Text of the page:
#18: An American Werewolf in London 1981 Dir. John Landis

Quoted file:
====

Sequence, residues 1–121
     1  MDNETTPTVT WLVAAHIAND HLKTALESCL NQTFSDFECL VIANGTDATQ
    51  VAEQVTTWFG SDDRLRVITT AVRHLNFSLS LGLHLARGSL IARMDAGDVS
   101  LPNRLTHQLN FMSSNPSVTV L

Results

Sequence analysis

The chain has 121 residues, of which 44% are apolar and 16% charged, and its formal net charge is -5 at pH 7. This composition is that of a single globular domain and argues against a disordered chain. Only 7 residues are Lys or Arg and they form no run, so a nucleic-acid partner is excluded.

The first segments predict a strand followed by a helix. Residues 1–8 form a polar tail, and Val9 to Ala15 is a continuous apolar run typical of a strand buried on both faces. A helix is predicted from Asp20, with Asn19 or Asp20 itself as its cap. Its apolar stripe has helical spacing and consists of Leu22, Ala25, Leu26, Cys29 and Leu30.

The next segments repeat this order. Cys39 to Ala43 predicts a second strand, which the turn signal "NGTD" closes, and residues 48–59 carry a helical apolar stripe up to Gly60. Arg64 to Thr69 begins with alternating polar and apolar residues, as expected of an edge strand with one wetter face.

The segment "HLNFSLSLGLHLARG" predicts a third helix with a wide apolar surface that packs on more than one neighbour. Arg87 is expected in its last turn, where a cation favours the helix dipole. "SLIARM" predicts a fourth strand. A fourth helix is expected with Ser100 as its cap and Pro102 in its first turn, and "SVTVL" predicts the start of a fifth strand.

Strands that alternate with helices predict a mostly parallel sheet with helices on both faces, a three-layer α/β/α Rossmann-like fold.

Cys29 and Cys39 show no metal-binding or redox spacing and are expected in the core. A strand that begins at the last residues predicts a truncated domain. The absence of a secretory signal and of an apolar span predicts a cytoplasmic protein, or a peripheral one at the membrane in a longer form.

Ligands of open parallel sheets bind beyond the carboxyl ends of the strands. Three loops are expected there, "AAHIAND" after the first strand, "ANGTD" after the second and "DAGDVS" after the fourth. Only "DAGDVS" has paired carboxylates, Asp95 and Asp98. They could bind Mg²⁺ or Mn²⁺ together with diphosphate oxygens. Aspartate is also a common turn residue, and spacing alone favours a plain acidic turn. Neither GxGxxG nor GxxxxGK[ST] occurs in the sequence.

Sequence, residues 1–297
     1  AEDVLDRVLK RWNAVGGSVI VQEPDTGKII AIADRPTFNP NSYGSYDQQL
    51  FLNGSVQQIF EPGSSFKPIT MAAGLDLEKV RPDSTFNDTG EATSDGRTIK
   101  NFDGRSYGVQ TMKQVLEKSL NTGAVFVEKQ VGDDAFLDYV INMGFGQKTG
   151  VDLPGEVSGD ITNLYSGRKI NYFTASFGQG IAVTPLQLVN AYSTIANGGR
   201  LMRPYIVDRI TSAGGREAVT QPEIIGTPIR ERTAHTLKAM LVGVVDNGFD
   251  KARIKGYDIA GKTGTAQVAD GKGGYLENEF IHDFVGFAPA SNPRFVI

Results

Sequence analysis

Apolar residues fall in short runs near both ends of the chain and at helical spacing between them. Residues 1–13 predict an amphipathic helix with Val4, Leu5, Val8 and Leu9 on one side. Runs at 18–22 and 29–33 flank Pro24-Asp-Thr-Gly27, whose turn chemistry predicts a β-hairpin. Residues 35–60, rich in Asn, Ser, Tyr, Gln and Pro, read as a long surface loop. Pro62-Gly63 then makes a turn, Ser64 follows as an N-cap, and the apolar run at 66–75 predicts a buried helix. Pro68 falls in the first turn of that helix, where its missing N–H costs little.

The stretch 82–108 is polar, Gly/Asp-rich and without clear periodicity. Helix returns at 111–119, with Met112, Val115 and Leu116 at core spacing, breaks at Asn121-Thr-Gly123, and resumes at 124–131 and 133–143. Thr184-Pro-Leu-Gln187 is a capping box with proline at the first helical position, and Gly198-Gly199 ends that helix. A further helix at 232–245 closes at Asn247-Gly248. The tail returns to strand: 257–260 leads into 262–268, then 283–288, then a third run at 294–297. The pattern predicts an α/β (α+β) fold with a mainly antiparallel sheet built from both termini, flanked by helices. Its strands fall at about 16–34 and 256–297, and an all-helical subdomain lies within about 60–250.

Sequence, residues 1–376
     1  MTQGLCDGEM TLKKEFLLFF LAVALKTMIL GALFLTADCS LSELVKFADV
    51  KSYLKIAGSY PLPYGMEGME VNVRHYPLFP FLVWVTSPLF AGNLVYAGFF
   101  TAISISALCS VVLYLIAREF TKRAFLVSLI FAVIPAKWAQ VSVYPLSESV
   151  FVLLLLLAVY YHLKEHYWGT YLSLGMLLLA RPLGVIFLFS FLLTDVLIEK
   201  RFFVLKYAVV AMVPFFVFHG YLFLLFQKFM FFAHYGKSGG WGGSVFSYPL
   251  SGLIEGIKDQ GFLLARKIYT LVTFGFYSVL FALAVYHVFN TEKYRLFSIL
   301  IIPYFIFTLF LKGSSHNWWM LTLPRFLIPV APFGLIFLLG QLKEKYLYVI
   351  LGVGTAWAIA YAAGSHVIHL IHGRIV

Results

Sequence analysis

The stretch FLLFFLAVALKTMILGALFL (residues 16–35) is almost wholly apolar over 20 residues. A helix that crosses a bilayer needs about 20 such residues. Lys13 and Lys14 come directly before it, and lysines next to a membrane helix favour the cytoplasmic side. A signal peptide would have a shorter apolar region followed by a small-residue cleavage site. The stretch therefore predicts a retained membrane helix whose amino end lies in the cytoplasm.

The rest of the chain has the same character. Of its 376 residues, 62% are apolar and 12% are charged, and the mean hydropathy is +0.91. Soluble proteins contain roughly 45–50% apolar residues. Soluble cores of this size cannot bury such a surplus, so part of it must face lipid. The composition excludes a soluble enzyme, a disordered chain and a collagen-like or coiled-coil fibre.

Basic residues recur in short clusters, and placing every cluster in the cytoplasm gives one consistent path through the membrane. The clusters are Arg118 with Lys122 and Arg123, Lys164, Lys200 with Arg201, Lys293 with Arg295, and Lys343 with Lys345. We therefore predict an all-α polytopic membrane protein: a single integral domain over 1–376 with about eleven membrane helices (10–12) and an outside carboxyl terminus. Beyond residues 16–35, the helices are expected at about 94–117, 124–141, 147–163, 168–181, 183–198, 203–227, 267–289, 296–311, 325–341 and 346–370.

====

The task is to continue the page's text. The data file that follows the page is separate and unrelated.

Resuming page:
There are two kinds of people in this world, Howling people and American Werewolf people. I am definitely the latter. While I enjoy the mixture of horror and eroticism that The Howling conveys, I prefer the updated classic approach of American Werewolf in London. This film tells the story of two young Americans who become lost on the moors in England and attacked by a wolf. One young man survives, the other does not. Soon, David, the survivor of the attack, is plagued with fevered dreams of wolf-nazis, and killing deer with his bare hands. David soon learns that he was bitten by a werewolf, and is cursed to change every full moon into a demonic hound, whose appetites can only be satiated by human flesh. As David becomes more aware of his condition, he is confronted by the undead spectres of his victims, a horrifying reminder of his dual nature. This film truly explores the concept of what it means to be cursed. Director John Landis described David's lycanthropy thusly, "It's like you have cancer, only instead of killing you, it's killing everyone else." This is perhaps the best description of the werewolf myth I've ever heard. This werewolf isn't sexy, he's miserable. I should point out that there is comedy to be found in this film, but most of it is pitch black, but make no mistake, the horror title is well deserved. Also, I can't end this review without mentioning that this movie has the single best werewolf transformation ever put to film, thanks to make-up master, Rick Baker. American Werewolf is primal, gruesome, hilarious and sad. It homages The Wolfman, while making the myth its own and takes the audience for a wonderful journey into the cursed and brutal world of the werewolf.